Joe Cilia, Technical Manager at FIS considers whether specialist contractors are ready for the government’s mandating of level 2 BIM on centrally procured projects by April 2016
Being BIM-ready or BIM-compliant (to level 2) is a buzz phrase we hear more and more frequently. But what must specialist contractors do to prepare for BIM? And where can they turn for information on it?
BIM will rely on contractors having an integrated delivery team that can work collaboratively and understand the process set out in PAS 1192:2 and other documents outlining practices to meet level 2 BIM. However, most organisations involved in construction projects are SMEs and micro-contractors carrying out specialist work such as drylining, ceilings and plastering. These companies are not yet fully aware of the implications of BIM.
Until now, awareness programmes and information on BIM have been aimed at architects, developers, project management companies, quantity surveyors and tier 1 contractors. This has led specialist contractors to believe that BIM doesn’t apply to them.
However, many tier 1 contractors that employ these specialist subcontractors will be going through a BIM implementation plan themselves. They must demonstrate to any developers and architectural practices they want to work with that they are BIM-ready.
At FIS, we are starting to see manufacturers delivering workshops to ensure that their client base of specialist contractor customers is aware of what BIM means to them and where to find guidance. I attended one of these workshops at Knauf in Sittingbourne, Kent, which included delegates with a varying amount of knowledge and background. Some had started their BIM journey, while others were investigating if it was relevant to them.
The workshop started by asking the group to describe the attributes of two Lego bricks – a simple analogy that got people thinking about what else was needed that couldn’t be determined simply by looking at it. The group quickly highlighted examples:
- its dimensions;
- what it was made of;
- its performance properties;
- its environmental properties;
- how it would be maintained;
- where you could get spares;
- end-of-life handling.
This is all data that, if structured, would be more accessible and useful to facilities managers that maintain and repair the building.
Contractors are used to providing this data in O&M manuals, so the information is currently available, but to meet the requirements in BIM it just needs to be delivered in a structured way and in a digital format.
How is FIS helping the sector understand BIM and answer questions being asked in the current round of supply chain audits?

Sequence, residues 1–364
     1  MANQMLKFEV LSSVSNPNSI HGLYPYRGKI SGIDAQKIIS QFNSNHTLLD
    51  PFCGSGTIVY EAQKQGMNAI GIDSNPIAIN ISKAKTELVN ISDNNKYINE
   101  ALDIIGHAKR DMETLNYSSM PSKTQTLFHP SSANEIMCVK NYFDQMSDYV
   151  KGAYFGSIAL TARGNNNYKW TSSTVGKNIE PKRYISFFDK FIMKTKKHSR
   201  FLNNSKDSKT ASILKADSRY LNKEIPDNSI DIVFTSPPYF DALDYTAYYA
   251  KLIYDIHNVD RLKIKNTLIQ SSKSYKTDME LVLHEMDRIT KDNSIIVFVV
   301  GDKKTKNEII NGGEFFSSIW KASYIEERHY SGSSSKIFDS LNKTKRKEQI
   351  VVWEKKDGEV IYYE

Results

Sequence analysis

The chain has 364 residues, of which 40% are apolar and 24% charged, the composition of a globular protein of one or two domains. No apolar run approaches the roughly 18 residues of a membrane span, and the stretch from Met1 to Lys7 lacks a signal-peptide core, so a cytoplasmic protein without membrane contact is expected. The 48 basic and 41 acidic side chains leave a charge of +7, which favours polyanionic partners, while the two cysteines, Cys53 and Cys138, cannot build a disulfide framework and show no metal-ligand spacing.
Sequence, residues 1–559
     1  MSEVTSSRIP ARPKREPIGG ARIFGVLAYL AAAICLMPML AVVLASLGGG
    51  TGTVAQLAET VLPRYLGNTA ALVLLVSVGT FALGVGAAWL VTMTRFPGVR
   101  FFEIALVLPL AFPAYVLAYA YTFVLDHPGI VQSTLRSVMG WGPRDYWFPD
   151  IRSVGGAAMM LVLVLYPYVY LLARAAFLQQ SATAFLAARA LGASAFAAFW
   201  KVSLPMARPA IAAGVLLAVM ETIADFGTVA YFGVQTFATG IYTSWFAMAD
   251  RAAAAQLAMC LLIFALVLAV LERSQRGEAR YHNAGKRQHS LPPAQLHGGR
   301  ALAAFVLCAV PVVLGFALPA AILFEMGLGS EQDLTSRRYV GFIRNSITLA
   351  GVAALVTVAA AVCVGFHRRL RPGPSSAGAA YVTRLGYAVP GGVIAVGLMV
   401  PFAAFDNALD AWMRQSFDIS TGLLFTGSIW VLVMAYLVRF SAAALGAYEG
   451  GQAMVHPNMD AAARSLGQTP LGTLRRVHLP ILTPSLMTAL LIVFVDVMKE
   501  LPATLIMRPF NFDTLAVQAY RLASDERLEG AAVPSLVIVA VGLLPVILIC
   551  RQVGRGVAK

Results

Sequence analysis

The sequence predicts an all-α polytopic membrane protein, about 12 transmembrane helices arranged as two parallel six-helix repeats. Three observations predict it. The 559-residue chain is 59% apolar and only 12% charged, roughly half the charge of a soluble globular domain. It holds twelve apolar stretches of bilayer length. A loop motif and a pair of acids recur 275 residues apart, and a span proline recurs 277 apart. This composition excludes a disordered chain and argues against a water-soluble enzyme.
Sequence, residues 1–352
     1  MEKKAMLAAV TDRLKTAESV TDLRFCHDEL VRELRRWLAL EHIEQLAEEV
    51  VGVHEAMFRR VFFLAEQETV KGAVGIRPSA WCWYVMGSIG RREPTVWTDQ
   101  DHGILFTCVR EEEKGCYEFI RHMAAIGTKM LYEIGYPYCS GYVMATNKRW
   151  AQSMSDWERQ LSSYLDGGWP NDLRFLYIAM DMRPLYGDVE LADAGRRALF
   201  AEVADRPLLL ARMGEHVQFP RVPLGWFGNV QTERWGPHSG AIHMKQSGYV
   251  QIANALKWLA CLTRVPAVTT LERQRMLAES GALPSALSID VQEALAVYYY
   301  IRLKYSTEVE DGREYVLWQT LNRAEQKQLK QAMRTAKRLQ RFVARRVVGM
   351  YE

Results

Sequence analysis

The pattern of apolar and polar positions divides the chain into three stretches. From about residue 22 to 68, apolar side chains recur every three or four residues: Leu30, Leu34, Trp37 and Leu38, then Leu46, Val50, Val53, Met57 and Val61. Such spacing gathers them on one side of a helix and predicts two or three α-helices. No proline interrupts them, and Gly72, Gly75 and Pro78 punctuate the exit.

FIS recently launched a BIM ToolBox to help inform specialist contractors. It has been designed to enable all specialist contractors to get involved with BIM by developing and delivering their own BIM implementation plan to level 2. This is one of the key requirements from tier 1 contractors when assessing BIM capability.
The ToolBox has two sections. The first is a ‘Guide to BIM for specialist contractors’, which gives an introduction to BIM and considers the business case for its adoption. The second concentrates on ‘Developing BIM capability’, so that contractors can develop a BIM deployment or implementation plan. Technical author Andrew Foy said:
“A lot of contractors will have implemented procedures for quality, health and safety and have environmental processes. Some will have been assessed under British Standards. The processes to work in a BIM environment are very similar, so a lot of contractors will be surprised at just how capable they already are. The ToolBox will take them through stage by stage, from looking at the market and preparing a business case, to working on their first live project.”
The ToolBox has been structured with clear instructions about what process is required under PAS1192:2, as well as how to implement it. The ToolBox has been designed so that it can be used across the construction sector. Funded by CITB, it is available at no cost from the FIS website.
To address the perceived cost of tendering in a BIM environment, FIS, in partnership with Balfour Beatty and 3D Repo, is developing a cloud-based platform to allow specialist contractors to receive invitations to tender and respond at little or no cost. BID4Free is being supported by Innovate, a government funding portal. Dr Jozef Doboš of 3D Repo said:
‘With Bid4Free, our approach is radically different as we aim to democratise access to BIM and 3D models without the need to purchase expensive software licences or high-end computing hardware. Instead, we are developing a purely open source solution for the entire industry to benefit from. The ultimate goal is to federate data from all possible sources. For instance, the Bid4Free team is already collaborating with Ordnance Survey to federate mastermap and terrain models for the entire UK as part of their BIM visualisation.”
BID4Free will be delivered in autumn 2016. If you would like to get involved in its development or want to know more about the issues discussed above, please email joecilia@theFIS.org .
FIS (Finishes and Interiors Sector)